What is the meaning of life? The world’s most commonly asked philosophical question came alive again this week, courtesy of an eco-spirituality seminar held at Griffith University’s Nathan campus. It was all in the name of Harmony Week and Social Media Reporter Hannah Sbeghen and photographer Patrick Hodge were there to unearth what belonging is all about.
“Everyone belongs” is the message of Harmony Week, which is running at Griffith University until Harmon Day, Saturday (March 21).
It was also the guiding theme of an eco-spirituality seminar at the Nathan campus which explored the idea that, regardless of age, background or gender, we all share a common connection and sense of belonging: to the cosmos, the Earth and spirit.
While Harmony Day’s origins relate to the United Nations-sponsored International Day for the Elimination of Racial Discrimination, the concept of harmony extends to include the diversity of life, culture, background and belief. At Griffith, we have a rich diversity to acknowledge and celebrate.
What’s eco-spirituality all about?
First year Business student, Shabib from Saudi Arabia, said the seminar was an opportunity to meet different people, get connected and learn more about the meaning and practice of eco-spirituality.
The seminar, conducted by the Australian Earth Laws Alliance, Wise Earth Educa On and Earthlink, began with specific instructions: feet on the ground, take deep breaths and feel grounded.
The audience obeyed and the result was, appropriately enough, harmonious.
As the sound of Samuel Barber’s Adagio for Strings began to overwhelm the room, an accompanying video showcased a series of different environments, including images from grand oceans to portraits of Indigenous peoples. We were learning what eco-spirituality meant, individually and holistically.
The guest speaker, Professor Noel Preston of Griffith’s Centre for Ethics, Law, Justice and Governance, said the theme of eco-spirituality and belonging was deliberately chosen to coincide with Harmony Week.
“We belong to the cosmos, the Earth and spirit and we seek a connection within each other and the whole community of life,” he said.
“In evolutionary terms, we can say we are life’s ultimate enrichment. We can love, offer and receive compassion, act justly and wonder.”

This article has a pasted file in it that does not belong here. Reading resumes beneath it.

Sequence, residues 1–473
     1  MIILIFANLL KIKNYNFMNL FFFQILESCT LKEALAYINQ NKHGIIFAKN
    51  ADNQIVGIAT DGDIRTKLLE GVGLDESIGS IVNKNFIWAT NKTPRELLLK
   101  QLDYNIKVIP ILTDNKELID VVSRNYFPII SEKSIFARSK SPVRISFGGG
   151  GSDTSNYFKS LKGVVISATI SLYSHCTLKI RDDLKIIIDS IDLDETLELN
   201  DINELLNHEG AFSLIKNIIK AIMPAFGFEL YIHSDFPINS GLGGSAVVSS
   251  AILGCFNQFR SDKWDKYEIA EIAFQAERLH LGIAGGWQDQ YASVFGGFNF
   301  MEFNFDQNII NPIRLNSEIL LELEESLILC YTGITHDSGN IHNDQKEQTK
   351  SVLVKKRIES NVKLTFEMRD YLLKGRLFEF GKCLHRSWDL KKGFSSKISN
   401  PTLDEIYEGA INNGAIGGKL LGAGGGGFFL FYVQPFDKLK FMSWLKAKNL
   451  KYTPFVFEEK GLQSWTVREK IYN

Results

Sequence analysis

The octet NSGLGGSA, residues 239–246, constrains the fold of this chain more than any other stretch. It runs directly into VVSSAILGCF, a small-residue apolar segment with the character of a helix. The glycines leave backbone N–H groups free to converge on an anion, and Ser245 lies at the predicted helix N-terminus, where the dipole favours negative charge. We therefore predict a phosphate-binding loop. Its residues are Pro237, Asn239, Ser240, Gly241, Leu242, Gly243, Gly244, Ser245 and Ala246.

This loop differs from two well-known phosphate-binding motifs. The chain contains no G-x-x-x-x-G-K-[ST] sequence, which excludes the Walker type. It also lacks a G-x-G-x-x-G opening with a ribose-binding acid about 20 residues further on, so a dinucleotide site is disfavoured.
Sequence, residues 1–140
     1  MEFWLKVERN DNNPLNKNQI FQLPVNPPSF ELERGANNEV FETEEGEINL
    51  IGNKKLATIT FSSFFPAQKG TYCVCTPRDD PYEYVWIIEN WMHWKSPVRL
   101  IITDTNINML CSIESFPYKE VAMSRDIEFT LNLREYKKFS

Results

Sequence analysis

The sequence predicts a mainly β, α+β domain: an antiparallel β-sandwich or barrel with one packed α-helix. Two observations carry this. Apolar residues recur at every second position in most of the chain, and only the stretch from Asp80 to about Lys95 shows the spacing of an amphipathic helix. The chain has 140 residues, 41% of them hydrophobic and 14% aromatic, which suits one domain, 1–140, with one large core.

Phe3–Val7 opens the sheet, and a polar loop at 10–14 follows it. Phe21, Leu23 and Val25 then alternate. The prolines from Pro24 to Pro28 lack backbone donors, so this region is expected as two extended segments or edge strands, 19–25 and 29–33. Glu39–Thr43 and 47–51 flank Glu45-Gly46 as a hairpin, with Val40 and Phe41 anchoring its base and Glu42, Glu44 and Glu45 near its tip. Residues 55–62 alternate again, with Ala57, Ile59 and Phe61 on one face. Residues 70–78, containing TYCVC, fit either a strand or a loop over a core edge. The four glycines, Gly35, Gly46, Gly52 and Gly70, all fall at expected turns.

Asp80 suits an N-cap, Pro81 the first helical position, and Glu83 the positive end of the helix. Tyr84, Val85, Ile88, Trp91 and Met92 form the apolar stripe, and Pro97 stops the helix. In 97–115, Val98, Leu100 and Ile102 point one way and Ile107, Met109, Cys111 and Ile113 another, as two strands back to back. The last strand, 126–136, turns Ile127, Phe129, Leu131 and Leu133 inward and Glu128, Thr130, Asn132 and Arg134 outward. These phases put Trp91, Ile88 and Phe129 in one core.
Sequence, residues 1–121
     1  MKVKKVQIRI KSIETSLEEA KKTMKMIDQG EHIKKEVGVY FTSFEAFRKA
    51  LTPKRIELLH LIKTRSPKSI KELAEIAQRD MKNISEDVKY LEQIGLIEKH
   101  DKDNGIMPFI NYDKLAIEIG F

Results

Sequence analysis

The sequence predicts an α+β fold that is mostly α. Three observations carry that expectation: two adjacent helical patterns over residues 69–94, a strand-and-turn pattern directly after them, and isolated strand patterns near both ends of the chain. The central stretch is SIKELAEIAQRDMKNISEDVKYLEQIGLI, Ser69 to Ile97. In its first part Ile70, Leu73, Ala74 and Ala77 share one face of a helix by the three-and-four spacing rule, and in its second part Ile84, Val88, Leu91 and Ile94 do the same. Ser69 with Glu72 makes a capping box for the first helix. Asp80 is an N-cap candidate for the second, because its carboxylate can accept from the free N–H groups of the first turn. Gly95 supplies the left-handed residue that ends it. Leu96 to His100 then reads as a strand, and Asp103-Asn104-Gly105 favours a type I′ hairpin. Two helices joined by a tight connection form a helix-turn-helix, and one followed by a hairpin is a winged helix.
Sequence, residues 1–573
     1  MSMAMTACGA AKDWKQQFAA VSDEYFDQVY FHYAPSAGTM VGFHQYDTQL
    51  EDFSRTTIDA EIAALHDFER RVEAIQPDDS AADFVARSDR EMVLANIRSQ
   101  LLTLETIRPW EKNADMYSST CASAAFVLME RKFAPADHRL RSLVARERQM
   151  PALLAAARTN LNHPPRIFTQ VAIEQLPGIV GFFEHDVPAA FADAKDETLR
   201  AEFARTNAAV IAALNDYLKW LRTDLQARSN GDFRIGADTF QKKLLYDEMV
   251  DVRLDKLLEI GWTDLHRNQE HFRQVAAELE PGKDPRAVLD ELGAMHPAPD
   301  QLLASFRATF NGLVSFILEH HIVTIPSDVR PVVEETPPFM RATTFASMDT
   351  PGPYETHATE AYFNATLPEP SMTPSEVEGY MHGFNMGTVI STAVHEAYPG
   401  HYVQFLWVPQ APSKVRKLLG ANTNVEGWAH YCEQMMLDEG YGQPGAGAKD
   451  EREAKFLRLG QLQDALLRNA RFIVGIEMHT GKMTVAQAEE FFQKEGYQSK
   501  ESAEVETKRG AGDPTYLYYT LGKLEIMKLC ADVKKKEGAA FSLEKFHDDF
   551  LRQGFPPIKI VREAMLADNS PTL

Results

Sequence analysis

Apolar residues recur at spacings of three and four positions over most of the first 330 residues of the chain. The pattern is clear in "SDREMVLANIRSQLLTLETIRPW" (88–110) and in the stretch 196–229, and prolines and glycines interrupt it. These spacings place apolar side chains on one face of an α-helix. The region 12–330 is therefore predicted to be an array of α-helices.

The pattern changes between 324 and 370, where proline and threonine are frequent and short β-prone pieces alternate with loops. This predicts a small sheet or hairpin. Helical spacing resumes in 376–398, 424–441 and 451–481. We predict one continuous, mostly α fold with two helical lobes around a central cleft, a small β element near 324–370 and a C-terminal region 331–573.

Professor Preston went on the quote from a letter written by Dr Martin Luther King, saying that whatever affects one, affects all.
Will it help people?
The audience was then asked to split into smaller groups and to think of an experience encompassing the notion of cosmos, the Earth and spirit, and the meaning of that moment.
Pascas Health Clinics ambassador Jim said talking with his group was both intimate and inspiring.
“I want to incorporate eco-spirituality into our health care centres in an effort to shift drug dependency to natural based medical solutions,” he said.
Undergraduate teaching student Daniel also found the seminar and group sessions very insightful.
“I want to try and incorporate some of the ideas we have discussed into early learning in the classroom environment,” he said.
So what is the meaning of life?
Eco-spirituality is the understanding of humankind and its relation to all other life forms. It explores and explains our human relationship to the planet and our direct experiences of the natural world.
According to eco-spirituality expert, the British professor and Sufi mystic Llewellyn Vaughan-Lee, spiritual ecology is an exploration of the spiritual dimension of our current ecological crisis.
“If we are to restore the balance in our world we need to go beneath the surface to heal the split between spirit and matter,” he says.
The Harmony Week programs continue until Saturday 21 March. To learn more about these events at Griffith visit: http://www.griffith.edu.au/student-services/harmony-week
Curious about eco-spirituality? Check out http://www.earthlaws.org.au/events/exploring-ecospirituality-2014/